Gino Satta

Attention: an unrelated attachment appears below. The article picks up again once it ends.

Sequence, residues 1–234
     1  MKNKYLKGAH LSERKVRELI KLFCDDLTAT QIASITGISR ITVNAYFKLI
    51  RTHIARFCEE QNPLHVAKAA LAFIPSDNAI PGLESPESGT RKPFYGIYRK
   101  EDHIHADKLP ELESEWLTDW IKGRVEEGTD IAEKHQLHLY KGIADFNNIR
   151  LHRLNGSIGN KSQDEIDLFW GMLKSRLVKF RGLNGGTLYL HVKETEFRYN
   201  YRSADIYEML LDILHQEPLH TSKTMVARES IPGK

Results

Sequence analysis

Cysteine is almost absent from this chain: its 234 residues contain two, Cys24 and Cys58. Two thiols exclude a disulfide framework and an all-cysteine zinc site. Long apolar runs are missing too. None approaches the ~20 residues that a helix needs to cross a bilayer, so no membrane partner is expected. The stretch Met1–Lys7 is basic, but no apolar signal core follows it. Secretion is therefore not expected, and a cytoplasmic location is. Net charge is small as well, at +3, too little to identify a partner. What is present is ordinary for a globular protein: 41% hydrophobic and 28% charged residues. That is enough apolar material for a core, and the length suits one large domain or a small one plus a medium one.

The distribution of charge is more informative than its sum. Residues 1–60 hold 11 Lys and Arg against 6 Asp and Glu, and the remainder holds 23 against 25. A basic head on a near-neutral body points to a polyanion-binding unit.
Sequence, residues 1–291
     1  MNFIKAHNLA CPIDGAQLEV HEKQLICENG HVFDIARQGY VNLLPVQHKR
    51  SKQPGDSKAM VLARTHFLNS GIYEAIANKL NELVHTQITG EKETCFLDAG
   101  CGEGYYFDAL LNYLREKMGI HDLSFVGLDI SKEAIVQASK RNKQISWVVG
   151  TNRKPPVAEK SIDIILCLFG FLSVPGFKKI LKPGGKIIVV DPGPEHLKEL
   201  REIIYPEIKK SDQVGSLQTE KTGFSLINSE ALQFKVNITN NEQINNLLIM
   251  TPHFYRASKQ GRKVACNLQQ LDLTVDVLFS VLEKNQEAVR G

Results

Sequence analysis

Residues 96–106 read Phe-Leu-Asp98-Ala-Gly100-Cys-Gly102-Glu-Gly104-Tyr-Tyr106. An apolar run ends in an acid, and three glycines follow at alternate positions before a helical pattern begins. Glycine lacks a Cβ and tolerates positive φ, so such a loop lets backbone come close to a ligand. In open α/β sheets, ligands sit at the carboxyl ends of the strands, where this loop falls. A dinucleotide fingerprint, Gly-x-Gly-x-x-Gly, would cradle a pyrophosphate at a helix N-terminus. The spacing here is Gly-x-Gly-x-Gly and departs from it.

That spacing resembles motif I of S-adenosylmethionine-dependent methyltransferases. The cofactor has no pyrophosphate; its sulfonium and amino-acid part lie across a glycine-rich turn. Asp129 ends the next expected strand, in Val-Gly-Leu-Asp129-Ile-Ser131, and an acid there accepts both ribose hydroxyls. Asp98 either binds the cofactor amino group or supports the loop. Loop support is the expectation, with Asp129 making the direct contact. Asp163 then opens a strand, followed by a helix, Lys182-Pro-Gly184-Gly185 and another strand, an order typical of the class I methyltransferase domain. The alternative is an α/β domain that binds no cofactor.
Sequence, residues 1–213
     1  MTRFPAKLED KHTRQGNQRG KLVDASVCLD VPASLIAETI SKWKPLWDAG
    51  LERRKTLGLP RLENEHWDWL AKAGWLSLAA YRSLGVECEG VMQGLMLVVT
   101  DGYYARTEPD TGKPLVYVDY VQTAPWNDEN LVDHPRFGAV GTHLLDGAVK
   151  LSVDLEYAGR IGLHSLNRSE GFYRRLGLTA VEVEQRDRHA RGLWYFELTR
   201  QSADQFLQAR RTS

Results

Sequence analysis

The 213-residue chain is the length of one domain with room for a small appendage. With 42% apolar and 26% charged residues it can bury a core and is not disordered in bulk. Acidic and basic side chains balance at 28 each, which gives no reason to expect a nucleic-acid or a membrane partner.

In the 1970s, when the identity of Italian “demo-ethno-anthropological” studies was being defined and their academic status consolidated, scholars debated the features of a national tradition of studies. Antonio Gramsci’s Prison Notebooks were then presented as the source of new ideas, which in the aftermath of WWII contributed in decisive ways to a renewal of scholarly theory, helping scholars to get rid of romantic leftovers such as the notion of “people-nation”, and encouraging them to turn away from “picturesque” oddities to address important social and cultural issues. This inscription of Gramsci into the genealogy of Italian anthropological studies, which recognizes the important role his thought played in scholarly debates, nonetheless risks concealing the different readings his reflections received when they were first published soon after the war (1948-1951). The paper focuses on the debate regarding Gramsci and folklore organized by the Gramsci Institute in Rome in the late spring of 1951, in order to sketch out an array of very different readings of Gramsci’s contribution to the study of folklore. On that occasion Paolo Toschi, a recognized and distinguished scholar, dismissed Gramsci’s theoretical contribution and presented Gramsci as an amateur folklorist, while Ernesto De Martino, a young scholar still in search of academic recognition, gave a very one-sided and political interpretation of Gramsci’s thought, which he was later to radically rethink. Alberto Cirese, attending the debate as a very young man, was later to propose a third and very influential reading of Gramsci’s observations. Through the prism of these different readings, the post-war Gramscian moment of Italian anthropology appears as something much more complex and controversial than 1970s accounts would have it.

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